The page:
The Bahamas Attorney General Ryan Pinder and Minister of Health and Wellness Dr. Michael Darville announced the introduction of a compendium of legislation to decriminalize cannabis for medical, research, and religious use.
The total suite of legislation comprises 11 bills, the central component of which is the Cannabis Bill 2023, which would establish a framework for local cannabis production to address medical needs, foster economic opportunities for Bahamians, and ensure a well-regulated, safe and controlled cannabis industry.
The compendium of legislation primarily aims to decriminalize cannabis for medical and therapeutic use to bring relief to Bahamian patients facing various chronic and painful diseases and conditions. By allowing therapeutic cannabis options, the government seeks to improve the quality of life for those who most need it.
The Cannabis Bill would also establish a framework to capitalize on the economic potential of cannabis production, establishing a licensing system for cultivation, manufacture, transport, research, retail distribution, and analytical testing along with regulatory frameworks for quality assurance. Within the draft bill, specific attention is given to promoting local ownership and economic empowerment. Foreign investors are eligible to have up to 70% ownership in businesses related to analytical testing, manufacturing, and research. All other licensed areas would be reserved for 100% Bahamian-owned businesses.
The legislation would remove cannabis from the Dangerous Drugs Act and establish a new framework for rigorously regulating and safeguarding it as a controlled substance. Measures include establishing a maximum permissible THC dosage, required training for medical practitioners, limiting cannabis dispensation via training and licensing, outlining penalties for misuse and abuse, public education discouraging recreational use and abuse, and establishing a Cannabis Authority – a board-managed corporation that would oversee the development of policies, procedures and guidelines to regulate cannabis for medical, scientific and religious use.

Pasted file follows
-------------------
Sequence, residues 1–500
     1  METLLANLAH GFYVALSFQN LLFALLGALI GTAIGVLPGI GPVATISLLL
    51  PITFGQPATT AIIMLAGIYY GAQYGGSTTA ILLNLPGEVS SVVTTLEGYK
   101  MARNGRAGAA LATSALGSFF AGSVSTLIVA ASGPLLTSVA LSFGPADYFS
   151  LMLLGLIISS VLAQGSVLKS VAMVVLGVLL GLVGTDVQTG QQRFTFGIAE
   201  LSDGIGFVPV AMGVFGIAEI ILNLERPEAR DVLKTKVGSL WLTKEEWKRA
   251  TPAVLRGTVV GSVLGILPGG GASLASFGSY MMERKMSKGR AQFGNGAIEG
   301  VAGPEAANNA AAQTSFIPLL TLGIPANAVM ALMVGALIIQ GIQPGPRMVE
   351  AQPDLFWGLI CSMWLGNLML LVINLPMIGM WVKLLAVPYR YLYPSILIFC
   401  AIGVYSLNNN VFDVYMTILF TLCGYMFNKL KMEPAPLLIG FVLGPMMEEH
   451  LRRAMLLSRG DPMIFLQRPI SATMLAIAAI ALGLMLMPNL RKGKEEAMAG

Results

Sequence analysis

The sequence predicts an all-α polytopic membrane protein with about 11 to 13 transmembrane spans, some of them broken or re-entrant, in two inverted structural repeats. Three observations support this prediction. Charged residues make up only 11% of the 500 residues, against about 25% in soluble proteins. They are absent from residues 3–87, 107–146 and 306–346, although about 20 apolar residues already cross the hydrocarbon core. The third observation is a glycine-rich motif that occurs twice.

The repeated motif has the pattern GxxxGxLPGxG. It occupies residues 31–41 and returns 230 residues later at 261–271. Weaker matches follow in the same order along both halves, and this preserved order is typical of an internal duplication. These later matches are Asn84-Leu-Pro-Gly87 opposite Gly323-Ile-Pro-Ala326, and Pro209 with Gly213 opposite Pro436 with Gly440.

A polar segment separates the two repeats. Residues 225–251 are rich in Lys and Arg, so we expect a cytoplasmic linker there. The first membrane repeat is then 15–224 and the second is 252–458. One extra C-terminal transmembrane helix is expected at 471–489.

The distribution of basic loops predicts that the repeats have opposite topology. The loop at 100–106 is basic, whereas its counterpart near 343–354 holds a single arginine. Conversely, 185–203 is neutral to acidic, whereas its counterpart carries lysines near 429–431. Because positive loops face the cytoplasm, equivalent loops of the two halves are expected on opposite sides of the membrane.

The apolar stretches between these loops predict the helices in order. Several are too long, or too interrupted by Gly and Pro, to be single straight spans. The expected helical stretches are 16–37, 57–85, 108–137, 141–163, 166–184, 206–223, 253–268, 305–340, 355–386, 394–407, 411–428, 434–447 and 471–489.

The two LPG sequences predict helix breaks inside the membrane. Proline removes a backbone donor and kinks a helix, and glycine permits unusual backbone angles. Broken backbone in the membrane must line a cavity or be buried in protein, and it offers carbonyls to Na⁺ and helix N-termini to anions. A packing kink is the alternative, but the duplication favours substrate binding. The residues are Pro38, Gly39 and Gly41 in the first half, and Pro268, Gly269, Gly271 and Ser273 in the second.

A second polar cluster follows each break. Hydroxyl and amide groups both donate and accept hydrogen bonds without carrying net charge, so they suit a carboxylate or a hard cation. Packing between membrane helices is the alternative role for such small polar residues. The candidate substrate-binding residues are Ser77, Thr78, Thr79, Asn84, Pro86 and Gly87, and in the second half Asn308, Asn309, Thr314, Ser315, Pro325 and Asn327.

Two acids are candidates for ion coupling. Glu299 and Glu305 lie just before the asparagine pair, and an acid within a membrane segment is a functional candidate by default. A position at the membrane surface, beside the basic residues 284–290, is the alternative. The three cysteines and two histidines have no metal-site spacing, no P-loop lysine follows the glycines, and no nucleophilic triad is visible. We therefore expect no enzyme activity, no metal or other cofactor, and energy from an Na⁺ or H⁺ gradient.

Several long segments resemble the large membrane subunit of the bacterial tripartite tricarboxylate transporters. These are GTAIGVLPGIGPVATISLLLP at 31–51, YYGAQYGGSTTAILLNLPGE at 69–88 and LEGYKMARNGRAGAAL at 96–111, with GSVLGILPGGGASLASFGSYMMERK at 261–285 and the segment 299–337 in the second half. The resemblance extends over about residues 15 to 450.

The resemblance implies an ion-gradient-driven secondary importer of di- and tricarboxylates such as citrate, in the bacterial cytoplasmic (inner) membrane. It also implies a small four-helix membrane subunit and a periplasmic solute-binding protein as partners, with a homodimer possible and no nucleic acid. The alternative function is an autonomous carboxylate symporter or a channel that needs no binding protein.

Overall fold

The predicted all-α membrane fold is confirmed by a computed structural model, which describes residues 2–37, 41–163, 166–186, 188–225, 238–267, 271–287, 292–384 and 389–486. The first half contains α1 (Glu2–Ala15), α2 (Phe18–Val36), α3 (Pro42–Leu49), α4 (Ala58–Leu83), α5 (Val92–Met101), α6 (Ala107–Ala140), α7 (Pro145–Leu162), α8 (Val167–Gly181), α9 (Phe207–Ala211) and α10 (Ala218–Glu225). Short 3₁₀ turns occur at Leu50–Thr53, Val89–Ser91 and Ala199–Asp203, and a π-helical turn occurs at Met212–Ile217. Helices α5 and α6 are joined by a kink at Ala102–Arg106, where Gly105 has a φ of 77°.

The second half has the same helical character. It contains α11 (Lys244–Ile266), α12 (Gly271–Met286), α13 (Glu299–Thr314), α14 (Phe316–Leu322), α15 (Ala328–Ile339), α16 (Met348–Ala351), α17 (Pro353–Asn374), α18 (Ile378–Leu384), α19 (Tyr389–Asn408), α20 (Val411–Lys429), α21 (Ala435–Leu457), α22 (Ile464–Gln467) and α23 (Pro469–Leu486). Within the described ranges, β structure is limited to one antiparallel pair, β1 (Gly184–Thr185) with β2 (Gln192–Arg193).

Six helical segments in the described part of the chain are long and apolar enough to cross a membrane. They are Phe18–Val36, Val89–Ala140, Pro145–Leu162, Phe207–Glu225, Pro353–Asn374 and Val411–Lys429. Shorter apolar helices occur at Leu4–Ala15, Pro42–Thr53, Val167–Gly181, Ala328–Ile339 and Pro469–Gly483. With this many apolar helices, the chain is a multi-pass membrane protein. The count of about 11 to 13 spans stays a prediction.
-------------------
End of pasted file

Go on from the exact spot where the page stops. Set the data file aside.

The Cannabis Authority would be composed of 9 representatives from government, medical and pharmaceutical professions, agricultural, business, and finance sectors, academia, and the faith based and civil society communities.
The announcement marked the beginning of a comprehensive public consultation effort aimed at including a wide array of experts and citizens from various sectors. Attorney General Ryan Pinder stated that closed consultation sessions had already begun earlier this week, and that open public consultation meetings would be conducted in the coming weeks.